NEW DELHI – India’s largest state-owned bank will launch an Islamic equity fund next month aimed mainly at attracting investments from the country’s 170 million Muslims.The Securities and Exchange Board of India, the country’s banking regulator, recently allowed the government-owned State Bank of India and three mutual funds to launch Sharia funds.
An official said Wednesday that the bank was expecting to attract an initial 1 billion rupees ($16.4 million) to the fund which will launch on Dec. 1.
A large section of India’s Muslim population remains outside the banking system, partly because Islamic law known as Sharia prohibits interest. Shares of companies linked to alcohol, tobacco, gambling and casinos and financial institutions that earn interest would be excluded from the fund.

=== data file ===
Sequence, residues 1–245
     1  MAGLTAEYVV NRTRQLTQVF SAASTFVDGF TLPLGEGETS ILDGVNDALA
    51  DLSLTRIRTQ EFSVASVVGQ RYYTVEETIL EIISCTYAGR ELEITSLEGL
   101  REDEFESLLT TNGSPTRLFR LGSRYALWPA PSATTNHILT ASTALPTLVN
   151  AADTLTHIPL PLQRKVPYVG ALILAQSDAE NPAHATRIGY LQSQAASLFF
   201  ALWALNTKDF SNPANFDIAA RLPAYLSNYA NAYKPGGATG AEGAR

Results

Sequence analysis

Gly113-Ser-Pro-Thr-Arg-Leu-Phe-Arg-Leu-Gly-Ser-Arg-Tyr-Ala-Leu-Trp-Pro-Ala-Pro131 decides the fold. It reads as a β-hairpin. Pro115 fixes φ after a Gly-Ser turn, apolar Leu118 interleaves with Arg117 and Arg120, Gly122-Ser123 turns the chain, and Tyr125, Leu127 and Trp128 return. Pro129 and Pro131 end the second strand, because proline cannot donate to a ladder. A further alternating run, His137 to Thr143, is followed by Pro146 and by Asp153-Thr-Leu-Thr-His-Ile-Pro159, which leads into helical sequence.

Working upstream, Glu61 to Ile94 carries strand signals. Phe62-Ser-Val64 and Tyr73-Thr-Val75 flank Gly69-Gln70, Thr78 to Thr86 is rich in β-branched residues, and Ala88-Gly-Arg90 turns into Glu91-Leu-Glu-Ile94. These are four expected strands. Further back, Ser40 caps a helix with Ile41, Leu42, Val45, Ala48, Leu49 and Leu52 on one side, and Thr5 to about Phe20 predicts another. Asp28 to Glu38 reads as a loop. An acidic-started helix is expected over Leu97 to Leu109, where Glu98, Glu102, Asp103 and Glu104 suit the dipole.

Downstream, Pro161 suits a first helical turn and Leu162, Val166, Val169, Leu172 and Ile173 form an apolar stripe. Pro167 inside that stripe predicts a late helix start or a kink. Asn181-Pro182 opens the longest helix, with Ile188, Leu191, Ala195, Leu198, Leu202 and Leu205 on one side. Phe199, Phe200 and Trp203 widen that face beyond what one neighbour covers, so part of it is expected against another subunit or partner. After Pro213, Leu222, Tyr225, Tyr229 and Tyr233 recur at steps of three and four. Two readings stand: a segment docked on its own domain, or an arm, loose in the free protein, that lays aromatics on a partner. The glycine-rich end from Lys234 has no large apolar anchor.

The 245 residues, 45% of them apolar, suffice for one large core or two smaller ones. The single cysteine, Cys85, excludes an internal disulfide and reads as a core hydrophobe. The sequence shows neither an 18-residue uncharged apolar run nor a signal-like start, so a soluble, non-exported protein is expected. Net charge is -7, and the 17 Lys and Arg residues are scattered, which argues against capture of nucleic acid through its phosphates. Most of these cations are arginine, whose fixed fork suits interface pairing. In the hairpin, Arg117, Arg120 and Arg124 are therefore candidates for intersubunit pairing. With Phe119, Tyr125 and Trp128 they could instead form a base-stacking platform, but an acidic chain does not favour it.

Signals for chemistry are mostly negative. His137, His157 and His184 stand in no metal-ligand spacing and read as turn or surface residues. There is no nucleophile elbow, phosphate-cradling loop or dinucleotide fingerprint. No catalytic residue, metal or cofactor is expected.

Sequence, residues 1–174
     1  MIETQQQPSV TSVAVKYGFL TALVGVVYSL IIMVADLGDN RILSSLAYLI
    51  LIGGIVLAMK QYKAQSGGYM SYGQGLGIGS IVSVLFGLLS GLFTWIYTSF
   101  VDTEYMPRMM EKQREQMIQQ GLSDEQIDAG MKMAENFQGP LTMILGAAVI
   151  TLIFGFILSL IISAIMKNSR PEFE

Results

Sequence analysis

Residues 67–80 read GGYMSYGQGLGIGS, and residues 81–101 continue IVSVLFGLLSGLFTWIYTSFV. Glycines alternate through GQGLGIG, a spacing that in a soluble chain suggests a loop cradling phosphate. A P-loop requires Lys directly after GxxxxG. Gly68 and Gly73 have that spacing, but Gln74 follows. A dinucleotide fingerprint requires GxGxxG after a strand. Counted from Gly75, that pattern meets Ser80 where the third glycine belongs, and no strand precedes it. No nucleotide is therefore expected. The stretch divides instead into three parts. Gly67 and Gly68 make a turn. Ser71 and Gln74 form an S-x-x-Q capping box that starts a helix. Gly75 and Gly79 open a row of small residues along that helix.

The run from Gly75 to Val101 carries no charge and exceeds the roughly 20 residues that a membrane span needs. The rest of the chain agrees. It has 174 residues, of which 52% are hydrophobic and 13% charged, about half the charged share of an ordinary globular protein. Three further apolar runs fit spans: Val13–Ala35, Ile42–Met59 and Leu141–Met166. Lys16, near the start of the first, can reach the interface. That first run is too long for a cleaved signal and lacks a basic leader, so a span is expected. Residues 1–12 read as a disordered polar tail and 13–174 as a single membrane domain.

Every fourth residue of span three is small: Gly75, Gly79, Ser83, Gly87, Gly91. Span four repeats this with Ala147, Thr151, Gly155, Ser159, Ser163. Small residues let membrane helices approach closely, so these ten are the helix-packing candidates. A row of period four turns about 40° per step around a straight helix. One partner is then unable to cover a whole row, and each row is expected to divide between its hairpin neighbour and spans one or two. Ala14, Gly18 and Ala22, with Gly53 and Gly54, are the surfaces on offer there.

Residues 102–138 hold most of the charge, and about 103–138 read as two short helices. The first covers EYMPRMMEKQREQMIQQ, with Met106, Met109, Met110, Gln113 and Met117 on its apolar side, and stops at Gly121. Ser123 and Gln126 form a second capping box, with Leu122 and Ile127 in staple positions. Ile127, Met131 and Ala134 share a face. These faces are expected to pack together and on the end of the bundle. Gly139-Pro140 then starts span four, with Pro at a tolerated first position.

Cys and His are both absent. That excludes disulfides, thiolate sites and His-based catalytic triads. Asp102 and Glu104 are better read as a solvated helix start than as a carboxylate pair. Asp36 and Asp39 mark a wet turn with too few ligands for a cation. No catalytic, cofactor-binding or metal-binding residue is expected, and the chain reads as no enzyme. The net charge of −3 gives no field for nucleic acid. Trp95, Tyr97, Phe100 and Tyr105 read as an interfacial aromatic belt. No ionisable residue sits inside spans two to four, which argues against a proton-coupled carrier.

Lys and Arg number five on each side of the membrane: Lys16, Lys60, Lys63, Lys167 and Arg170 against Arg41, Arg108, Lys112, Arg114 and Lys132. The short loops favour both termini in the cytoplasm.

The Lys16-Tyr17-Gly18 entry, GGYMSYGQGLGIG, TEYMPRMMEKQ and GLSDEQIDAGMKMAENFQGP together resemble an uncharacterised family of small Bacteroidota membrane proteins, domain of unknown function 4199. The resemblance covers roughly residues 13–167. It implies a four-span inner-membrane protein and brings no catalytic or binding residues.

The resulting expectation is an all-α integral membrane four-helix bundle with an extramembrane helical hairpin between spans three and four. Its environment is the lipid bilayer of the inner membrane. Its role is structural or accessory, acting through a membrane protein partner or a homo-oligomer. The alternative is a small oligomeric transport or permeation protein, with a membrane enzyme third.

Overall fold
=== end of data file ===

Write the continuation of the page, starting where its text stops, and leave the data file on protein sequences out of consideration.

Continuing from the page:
“It will be a diversified equity fund, including large cap, mid-cap and small cap funds,” said Dinesh Khara, managing director and CEO of the bank’s SBI Mutual Fund. “We will identify stocks that meet all aspects of Sharia banking laws,” Khara said.
India’s stock exchanges have between 600 and 700 companies that are Sharia-compliant.
The new fund has the approval of the All India Muslim Personal Law Board, an authority that oversees the observance of Muslim civil laws in India.
In May last year, the Bombay Stock Exchange had launched India’s first Sharia index, which tracks the performance of Sharia-compliant companies. These companies have given a return of 46 per cent, performing better than the 30-share BSE Sensex index which gave annualized return of 41 per cent.
India is only the second country outside the Islamic world where a state-owned bank is offering a Sharia-compliant fund. The U.K. issued sovereign Islamic bonds in June.
Global Islamic banking assets were estimated at around $1.8 trillion in 2013.